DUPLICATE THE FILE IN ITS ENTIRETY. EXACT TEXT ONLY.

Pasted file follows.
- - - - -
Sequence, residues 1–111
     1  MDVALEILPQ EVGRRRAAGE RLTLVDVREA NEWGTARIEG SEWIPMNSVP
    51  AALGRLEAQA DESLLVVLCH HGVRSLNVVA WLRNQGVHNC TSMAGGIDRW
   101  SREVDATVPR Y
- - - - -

Sequence, residues 1–111
     1  MDVALEILPQ EVGRRRAAGE RLTLVDVREA NEWGTARIEG SEWIPMNSVP
    51  AALGRLEAQA DESLLVVLCH HGVRSLNVVA WLRNQGVHNC TSMAGGIDRW
   101  SREVDATVPR Y